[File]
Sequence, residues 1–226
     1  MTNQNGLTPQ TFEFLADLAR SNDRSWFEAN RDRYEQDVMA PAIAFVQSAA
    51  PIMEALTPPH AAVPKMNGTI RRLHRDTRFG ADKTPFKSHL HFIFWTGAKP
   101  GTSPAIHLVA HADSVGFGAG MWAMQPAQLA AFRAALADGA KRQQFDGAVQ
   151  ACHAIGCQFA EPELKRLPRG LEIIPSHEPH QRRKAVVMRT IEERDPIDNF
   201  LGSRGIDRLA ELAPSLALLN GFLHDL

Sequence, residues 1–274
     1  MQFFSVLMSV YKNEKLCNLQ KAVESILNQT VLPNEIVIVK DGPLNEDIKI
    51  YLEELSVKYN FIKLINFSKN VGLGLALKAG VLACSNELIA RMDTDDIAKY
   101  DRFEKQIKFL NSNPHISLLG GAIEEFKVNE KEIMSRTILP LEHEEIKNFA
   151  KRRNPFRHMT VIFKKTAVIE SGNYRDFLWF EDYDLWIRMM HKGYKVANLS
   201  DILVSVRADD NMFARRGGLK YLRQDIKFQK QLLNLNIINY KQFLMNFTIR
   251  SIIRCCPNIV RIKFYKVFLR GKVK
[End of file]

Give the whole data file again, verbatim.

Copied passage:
Sequence, residues 1–226
     1  MTNQNGLTPQ TFEFLADLAR SNDRSWFEAN RDRYEQDVMA PAIAFVQSAA
    51  PIMEALTPPH AAVPKMNGTI RRLHRDTRFG ADKTPFKSHL HFIFWTGAKP
   101  GTSPAIHLVA HADSVGFGAG MWAMQPAQLA AFRAALADGA KRQQFDGAVQ
   151  ACHAIGCQFA EPELKRLPRG LEIIPSHEPH QRRKAVVMRT IEERDPIDNF
   201  LGSRGIDRLA ELAPSLALLN GFLHDL

Sequence, residues 1–274
     1  MQFFSVLMSV YKNEKLCNLQ KAVESILNQT VLPNEIVIVK DGPLNEDIKI
    51  YLEELSVKYN FIKLINFSKN VGLGLALKAG VLACSNELIA RMDTDDIAKY
   101  DRFEKQIKFL NSNPHISLLG GAIEEFKVNE KEIMSRTILP LEHEEIKNFA
   151  KRRNPFRHMT VIFKKTAVIE SGNYRDFLWF EDYDLWIRMM HKGYKVANLS
   201  DILVSVRADD NMFARRGGLK YLRQDIKFQK QLLNLNIINY KQFLMNFTIR
   251  SIIRCCPNIV RIKFYKVFLR GKVK